The positive correlations we found for the summer months of 2020 (for example, Fig. 1) during the seasonal low of cases may also reflect community transmission in public temperaturecontrolled buildings such as care homes^{41,42}. They may also result from massive social clustering and increased contact during warmweather leisure activities outdoors^{43}. Indeed, air conditioning in the subtropics was also proposed to explain SARS transmission^{32}, a situation bearing similarities with influenza^{44}. Similarly, the Northern Hemisphere experienced an important uptick in cases in summer of 2021 in countries such as Spain and Portugal, the target of massive seaside tourism in Europe. Regardless of explanation, these positive associations were less frequent overall, and less robust and weaker when zooming into smaller temporal window sizes.
Our study has several limitations, the most important one stemming from the limited length of the epidemiological records so far available. Also limiting are the different social and environmental forcing factors influencing the epidemiology of COVID19, which can be countrydependent. When SDC is employed at a single scale of analysis, it can potentially identify spurious correlations, an aspect largely circumvented by the new multiscale analysis. Interestingly, SDC sensitivity can help track other locally relevant epidemiological dynamics potentially linked to human behavior, such as summer gatherings in 2020 inside building premises or under the effect of air conditioning in hot climates, producing positive associations. Such associations do not arise from direct meteorological preferences of the virus but from effects of human behavior on virus transmission. They would not be detected by fixed regression methods. Datareporting differences across locations and different sensitivities of virus strains might alter the current results, as data for these new variants (delta, deltaplus, lambda) have not been analyzed here. Variation in reporting errors add uncertainty to the analysis, although SDC appears robust to identifying associations even in the presence of a strong weekly cycle. This robustness opens the door to the development, in the near future, of more curated and tailored climate services and earlywarning systems for COVID19.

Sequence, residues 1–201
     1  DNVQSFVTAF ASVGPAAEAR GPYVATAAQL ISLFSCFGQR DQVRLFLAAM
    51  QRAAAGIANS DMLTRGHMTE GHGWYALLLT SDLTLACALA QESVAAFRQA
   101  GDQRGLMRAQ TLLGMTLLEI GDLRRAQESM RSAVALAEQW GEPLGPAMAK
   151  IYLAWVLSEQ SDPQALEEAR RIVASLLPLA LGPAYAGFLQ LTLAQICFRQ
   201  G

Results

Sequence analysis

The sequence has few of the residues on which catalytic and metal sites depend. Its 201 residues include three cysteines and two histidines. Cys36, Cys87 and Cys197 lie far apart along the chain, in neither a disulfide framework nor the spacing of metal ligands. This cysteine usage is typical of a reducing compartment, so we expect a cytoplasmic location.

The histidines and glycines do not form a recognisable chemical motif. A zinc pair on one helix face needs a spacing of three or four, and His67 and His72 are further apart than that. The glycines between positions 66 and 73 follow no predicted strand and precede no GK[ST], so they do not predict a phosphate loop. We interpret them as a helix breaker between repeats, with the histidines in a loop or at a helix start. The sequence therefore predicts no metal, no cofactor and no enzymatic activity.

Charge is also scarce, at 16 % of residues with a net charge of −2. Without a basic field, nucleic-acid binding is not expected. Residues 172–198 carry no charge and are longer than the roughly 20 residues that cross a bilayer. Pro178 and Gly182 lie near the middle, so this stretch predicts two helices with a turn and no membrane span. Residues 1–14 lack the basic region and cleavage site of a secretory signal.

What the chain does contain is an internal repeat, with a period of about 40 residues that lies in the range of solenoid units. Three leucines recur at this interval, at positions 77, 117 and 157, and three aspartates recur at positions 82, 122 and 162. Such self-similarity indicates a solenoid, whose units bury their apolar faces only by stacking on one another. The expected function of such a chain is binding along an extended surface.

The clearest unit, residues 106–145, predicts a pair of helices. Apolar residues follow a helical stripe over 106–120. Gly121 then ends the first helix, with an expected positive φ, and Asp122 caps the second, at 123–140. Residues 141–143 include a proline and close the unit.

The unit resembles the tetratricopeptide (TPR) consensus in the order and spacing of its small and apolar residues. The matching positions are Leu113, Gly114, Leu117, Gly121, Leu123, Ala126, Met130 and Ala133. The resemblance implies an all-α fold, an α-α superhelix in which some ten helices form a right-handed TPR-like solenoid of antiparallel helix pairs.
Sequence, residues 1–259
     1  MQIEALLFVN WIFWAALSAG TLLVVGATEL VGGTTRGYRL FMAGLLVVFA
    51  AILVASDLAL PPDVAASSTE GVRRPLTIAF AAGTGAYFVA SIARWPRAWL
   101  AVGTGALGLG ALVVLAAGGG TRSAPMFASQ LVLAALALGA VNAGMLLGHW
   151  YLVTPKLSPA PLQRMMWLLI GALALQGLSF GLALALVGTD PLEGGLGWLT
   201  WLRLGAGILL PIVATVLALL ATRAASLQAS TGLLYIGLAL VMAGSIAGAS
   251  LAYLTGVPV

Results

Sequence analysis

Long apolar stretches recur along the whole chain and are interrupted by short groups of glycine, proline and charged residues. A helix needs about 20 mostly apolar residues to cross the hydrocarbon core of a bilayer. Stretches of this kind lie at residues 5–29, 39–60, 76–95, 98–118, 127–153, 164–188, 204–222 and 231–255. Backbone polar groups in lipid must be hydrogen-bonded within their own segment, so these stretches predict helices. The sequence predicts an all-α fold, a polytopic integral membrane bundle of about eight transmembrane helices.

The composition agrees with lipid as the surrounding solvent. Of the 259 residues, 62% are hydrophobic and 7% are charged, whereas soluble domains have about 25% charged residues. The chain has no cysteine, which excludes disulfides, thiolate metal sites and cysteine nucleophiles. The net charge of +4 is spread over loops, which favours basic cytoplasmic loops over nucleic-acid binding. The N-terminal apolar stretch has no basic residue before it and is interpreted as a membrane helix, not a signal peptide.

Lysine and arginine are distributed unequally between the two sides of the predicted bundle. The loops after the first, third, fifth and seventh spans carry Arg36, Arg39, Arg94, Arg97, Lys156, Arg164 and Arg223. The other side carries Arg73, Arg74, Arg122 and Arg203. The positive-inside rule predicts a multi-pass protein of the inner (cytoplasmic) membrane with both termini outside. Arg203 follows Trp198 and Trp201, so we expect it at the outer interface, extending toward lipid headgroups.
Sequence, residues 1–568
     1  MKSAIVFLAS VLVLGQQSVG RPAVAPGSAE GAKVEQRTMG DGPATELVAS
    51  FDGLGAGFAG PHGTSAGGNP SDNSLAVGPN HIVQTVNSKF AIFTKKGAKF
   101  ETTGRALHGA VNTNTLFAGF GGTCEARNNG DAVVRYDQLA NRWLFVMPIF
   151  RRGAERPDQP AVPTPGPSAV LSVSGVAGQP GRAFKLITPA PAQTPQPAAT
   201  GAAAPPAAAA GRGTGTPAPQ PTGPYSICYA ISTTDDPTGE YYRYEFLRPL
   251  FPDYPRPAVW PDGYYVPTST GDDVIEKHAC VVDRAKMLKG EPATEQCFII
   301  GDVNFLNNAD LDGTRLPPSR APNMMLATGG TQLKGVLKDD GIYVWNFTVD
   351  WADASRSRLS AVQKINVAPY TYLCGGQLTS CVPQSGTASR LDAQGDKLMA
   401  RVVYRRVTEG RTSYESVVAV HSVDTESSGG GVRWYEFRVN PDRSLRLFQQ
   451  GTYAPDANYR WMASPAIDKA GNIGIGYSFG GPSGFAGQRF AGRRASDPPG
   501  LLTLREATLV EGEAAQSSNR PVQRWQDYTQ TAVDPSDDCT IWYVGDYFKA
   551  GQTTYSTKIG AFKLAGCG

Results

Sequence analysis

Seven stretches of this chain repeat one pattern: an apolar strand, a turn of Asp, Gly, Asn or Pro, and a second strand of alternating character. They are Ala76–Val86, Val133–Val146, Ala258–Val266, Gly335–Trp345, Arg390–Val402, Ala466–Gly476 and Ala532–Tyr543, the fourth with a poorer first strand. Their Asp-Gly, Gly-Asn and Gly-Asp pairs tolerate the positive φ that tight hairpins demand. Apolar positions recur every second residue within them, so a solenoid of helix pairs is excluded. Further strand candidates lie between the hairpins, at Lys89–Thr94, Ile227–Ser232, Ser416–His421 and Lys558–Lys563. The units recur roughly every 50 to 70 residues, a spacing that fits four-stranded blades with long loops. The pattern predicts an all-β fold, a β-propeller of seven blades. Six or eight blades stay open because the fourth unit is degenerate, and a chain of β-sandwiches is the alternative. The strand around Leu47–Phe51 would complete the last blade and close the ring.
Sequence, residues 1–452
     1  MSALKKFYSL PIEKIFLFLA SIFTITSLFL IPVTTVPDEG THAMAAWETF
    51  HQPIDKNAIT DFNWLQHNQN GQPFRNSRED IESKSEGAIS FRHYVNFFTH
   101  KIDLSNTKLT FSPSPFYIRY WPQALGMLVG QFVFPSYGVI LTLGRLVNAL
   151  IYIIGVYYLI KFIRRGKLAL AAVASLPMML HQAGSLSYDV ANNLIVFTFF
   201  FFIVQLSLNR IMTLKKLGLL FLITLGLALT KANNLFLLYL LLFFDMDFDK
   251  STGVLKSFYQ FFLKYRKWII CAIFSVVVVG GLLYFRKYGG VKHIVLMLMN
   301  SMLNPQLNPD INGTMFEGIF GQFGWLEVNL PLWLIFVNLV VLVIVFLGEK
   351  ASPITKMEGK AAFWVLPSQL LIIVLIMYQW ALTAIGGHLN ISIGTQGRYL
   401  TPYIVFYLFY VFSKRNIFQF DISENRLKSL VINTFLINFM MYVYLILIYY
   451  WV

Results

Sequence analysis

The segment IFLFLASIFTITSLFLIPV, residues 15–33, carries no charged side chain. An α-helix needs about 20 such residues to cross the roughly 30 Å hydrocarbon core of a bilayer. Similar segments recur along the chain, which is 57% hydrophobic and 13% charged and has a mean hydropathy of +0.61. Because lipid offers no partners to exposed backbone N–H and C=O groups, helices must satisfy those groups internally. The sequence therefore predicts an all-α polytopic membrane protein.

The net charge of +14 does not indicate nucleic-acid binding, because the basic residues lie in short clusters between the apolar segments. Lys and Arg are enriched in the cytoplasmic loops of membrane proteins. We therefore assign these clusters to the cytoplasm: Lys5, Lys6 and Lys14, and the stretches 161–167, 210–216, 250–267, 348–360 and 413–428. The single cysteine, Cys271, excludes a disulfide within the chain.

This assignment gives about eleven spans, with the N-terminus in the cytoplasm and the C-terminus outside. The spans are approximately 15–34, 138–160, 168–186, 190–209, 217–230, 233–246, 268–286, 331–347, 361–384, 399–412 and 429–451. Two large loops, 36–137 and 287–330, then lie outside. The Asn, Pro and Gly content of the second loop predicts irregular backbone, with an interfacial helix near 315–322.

The identified climate forcing should persist for novel virus variants with increased transmissibility and an enhanced ability to partially evade protection from previous exposure. It should also persist at lower incidence levels were the disease to become endemic, therefore defining the annual timing for vaccination. Strong current policies to curtail transmission, including lockdowns, where effective, should limit the role of climate drivers. This effect can already be seen when considering the most recent reported cases through the winter in regions of Italy (Extended Data Fig. 6). The frequency of local significant correlations with our method decreases markedly and the critical range of negative correlations is no longer evident (Extended Data Fig. 6b). By contrast, for regions of Spain, where control efforts have been more variable in implementation, this range remains apparent and consistent with the earlier waves (Extended Data Fig. 6b), even though climate conditions are shared by the two countries (Extended Data Fig. 6c). Public health interventions to curb transmission of COVID19 have focused in this initial phase on reducing the contact rate between people through social distancing, and on hand washing, decontamination of infected surfaces and face covering. With the exception of face covering, these measures have emphasized the importance of shortrange transmission, the default assumption on respiratory diseases caused by exhaled droplets^{45} with a restricted spatial range^{46}. The role of smaller exhaled droplets that become airborne as bioaerosols or ‘droplet nuclei’ for extended periods, and may cover long distances in a viable state, has been proposed for COVID19 but has remained unresolved^{47,48,49,50}. Seasonality, and the role of low temperatures and the associated low humidity, can be mechanistically linked to viable SARSCoV2 aerosols, supporting the relevance of the airborne transmission route implicated in other studies^{51}. This link warrants an emphasis on ‘air hygiene’ through improved indoor ventilation^{52} to more effectively intervene in the unfolding pandemic. It also underscores the need to include appropriate meteorological parameters in the evaluation and planning of pharmacological and behavioral control measures.
Methods
Global statistical analysis